That being said, supporters of the KJV point to a different line of logic. There is no denying that the Egyptian copies are older. However, there is also no denying that the Byzantine copies are far more numerous. They make up the vast majority of the manuscript record. The argument made from this is that the age of the copies does not matter. More important are the versions that spread further and longer. After all, the Egyptian copies were put away and forgotten for the better part of the last 2000 years. And if the Byzantine copies are not as ancient, that can be explained by the fact that they were not stored in the Egyptian desert. The older copies of them deteriorated through time and use, but they were accurately transcribed and passed down to be the dominant form of the NT in Greek. And they were passed down in this way because they were superior.

This, then, becomes the issue. How do we decide which Greek text is better? Because that should seemingly determine which English translation we choose. It is basically (and I will stress basically) the difference between preferring older variations or more numerous ones.

Of course, there is also the matter of the English being used. One of the primary criticisms of the KJV is that, even if it were based on the best Greek, it is too foreign to modern readers to be of any use. Words like “ambassage,” “ouches,” and “neesings” mean little to us now, to say nothing of the difficulty presented by all the “thees” and “thous.” The whole purpose of the KJV in the first place was to provide a way for regular people to read the message God had provided for all humanity. Requiring us to read it now is hardly different from expecting people to read the Latin Vulgate in 1611.

Which brings us back to the NKJV and the MEV. These translations are based primarily on the same Greek texts as the KJV, rather than following the Egyptian basis that other modern translations do. The difference, of course, is in the English that they use. The NKJV and the MEV are written to be understood today, rather than in the terminology of the 17th Century. But they assume the same logic as the supporters of the KJV do.

So does that solve things? Well, it depends on whom you ask. Some proponents of the KJV are actually more accurately described as proponents of the Byzantine texts, and they are perfectly happy to transition to translations that are easier to read. However, that is not good enough for many KJV-only advocates. They do not merely believe the Greek on which it is based is better than that of the modern versions. They contend that the English of the KJV is superior.

To put it another way, they believe that the KJV was inspired in its translation in a way very little different from the inspiration of the original versions of the books of the Bible written by the apostles and prophets. According to them, God specially directed the committee that served under King James I and gave them something that was to stand for all time. As proof of this, they cite the success of the KJV in spreading the gospel around the world. They also believe that modern translations, including the NKJV and the MEV, introduce novel doctrines that detract from the truth of Scripture in order to deceive those who are too trusting in their reading. This, it should be noted, is why they insist on the KJV for the Old Testament (OT), as well. The KJV and all modern Protestant translations all share the same Hebrew base text, but the English used is once again thought to be superior.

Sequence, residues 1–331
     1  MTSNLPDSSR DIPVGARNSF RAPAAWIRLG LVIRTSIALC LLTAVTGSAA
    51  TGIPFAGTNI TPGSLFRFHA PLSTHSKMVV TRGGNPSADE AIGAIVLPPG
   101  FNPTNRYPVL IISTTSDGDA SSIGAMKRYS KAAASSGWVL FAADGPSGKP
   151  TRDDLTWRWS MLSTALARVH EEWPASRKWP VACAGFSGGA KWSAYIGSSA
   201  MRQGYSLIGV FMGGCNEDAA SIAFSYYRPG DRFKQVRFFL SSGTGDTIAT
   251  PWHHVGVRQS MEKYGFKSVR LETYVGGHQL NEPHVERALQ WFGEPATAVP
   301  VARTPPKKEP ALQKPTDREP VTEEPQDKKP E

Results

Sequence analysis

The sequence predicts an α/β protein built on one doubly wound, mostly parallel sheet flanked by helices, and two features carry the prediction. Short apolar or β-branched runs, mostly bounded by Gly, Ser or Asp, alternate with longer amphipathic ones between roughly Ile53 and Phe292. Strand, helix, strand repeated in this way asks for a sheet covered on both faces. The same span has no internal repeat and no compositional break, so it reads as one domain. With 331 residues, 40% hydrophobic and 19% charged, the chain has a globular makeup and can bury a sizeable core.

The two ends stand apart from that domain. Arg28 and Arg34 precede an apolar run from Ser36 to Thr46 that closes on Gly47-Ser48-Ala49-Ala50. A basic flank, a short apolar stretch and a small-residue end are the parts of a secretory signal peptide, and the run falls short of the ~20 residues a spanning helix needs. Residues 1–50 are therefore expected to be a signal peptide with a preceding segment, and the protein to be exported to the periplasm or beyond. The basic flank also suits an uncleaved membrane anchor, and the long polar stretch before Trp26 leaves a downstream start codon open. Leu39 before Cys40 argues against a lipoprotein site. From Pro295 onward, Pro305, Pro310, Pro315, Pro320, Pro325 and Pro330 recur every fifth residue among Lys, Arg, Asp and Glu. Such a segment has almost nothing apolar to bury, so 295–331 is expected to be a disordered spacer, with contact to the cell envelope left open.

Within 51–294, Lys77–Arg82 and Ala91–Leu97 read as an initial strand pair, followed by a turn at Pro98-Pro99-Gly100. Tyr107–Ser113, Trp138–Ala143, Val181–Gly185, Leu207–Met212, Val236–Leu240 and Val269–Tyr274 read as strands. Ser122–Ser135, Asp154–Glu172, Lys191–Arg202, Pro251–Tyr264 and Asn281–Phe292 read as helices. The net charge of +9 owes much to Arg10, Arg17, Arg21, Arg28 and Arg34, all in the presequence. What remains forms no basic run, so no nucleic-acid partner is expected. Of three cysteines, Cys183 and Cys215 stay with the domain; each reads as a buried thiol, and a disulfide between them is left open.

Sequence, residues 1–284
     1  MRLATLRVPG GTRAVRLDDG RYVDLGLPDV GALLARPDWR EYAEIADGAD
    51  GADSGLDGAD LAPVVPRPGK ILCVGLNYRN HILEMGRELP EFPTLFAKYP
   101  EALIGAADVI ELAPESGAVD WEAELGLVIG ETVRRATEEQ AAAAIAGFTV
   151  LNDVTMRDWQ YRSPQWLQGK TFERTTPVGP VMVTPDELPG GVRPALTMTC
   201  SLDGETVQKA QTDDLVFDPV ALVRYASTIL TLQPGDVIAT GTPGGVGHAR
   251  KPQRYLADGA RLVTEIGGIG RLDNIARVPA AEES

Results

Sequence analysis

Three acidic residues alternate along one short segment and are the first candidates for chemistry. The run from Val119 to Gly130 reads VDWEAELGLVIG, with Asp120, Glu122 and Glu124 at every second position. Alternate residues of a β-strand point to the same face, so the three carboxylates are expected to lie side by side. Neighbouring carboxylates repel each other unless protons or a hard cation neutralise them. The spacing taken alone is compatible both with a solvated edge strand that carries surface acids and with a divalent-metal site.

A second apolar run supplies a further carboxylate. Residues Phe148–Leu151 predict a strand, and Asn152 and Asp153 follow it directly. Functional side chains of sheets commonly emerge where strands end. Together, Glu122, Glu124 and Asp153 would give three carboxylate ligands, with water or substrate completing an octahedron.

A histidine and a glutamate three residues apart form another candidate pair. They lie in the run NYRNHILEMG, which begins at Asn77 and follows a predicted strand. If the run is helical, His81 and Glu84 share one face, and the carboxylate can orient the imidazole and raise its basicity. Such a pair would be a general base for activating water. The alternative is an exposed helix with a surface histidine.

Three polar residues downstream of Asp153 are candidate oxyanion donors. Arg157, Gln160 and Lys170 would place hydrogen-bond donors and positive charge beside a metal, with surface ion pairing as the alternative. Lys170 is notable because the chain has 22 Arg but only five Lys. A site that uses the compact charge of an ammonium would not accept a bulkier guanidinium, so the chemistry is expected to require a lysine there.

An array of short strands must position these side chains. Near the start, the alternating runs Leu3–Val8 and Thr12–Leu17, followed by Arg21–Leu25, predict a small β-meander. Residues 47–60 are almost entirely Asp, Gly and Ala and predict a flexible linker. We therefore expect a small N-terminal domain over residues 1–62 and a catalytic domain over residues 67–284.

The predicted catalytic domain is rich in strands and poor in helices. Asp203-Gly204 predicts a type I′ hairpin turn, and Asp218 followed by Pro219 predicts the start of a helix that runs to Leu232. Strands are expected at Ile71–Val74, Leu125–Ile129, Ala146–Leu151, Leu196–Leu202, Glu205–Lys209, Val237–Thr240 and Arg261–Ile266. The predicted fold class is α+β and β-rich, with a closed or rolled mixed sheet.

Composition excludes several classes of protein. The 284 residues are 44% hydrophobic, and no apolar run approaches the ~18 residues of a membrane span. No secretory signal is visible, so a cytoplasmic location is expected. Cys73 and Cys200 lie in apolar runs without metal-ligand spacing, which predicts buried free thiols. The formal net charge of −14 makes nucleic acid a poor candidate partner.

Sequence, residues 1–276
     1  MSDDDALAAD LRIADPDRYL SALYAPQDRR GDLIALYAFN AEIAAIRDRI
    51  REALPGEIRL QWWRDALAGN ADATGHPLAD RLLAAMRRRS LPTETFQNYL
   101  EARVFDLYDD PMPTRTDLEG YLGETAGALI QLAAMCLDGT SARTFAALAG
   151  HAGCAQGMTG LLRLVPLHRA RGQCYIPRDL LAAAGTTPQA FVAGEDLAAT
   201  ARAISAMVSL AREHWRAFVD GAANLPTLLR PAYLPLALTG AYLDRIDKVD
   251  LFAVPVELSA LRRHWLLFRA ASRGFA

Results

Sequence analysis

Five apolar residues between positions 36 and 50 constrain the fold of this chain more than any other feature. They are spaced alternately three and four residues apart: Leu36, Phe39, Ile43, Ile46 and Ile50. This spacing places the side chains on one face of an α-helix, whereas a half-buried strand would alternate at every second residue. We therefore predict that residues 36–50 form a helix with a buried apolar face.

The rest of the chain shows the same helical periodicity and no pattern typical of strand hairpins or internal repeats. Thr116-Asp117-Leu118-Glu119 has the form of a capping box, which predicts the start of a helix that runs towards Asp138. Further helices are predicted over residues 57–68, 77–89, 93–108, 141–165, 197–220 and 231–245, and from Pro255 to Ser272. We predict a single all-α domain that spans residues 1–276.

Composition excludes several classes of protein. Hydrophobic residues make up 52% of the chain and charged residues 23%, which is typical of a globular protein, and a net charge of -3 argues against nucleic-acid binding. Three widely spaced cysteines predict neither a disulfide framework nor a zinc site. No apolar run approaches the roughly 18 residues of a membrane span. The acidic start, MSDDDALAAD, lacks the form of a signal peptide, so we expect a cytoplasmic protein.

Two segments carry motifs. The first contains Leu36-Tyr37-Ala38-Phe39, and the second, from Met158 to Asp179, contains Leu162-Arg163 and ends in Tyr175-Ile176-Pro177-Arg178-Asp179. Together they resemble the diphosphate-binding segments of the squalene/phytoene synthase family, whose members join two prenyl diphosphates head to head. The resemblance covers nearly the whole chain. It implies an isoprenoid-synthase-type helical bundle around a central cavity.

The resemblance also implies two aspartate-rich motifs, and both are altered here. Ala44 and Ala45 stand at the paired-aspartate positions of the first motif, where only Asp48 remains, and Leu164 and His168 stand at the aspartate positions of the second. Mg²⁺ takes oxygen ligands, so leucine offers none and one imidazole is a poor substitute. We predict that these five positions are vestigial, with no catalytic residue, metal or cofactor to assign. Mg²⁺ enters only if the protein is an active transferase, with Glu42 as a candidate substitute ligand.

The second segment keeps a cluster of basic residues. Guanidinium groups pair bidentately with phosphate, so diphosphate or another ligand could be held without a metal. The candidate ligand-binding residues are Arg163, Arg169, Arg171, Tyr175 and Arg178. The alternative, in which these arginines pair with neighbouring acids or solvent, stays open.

For their part, partisans of the modern translations can be similarly insistent. They are often dismissive of KJV-only people. At best, they see them as backward for not recognizing the “obvious” fact that the older readings of the Egyptian copies are more accurate. At worst, they treat them as enemies of the gospel for not allowing it to be spread easily.

We have to inject an important point here, one which people on both sides seem to forget frequently. It is a question of meaning. Do the KJV and the modern translations actually teach different things? Despite the noise on both sides, the answer is a resounding “No.” As I already mentioned, the differences in the OT come down to the English used. In the NT, where more differences appear, they amount to about a word or two on every page. That means, out of the more than 180,000 words in the NT, roughly 1,000 are disputed. That’s only 0.5% of the text causing all this trouble. The vast majority of those, meanwhile, are no more than a question of word order or repetition. Differences of a paragraph or more can be counted on one hand. And never, not once, does a disputed reading result in a doctrinal change that affects the our understanding of the rest of Scripture.

Personal Preference

With that said, I can attempt to present my personal opinion on this issue. If you have been reading my articles and closely checking my verse references, you may think you already know the answer. I have recently made it a habit to take them out of the CSB, one of the modern translations. However, if you have been reading my articles for a few years, then you may remember that I once tended to use the NKJV. What does it all mean? That I don’t really care.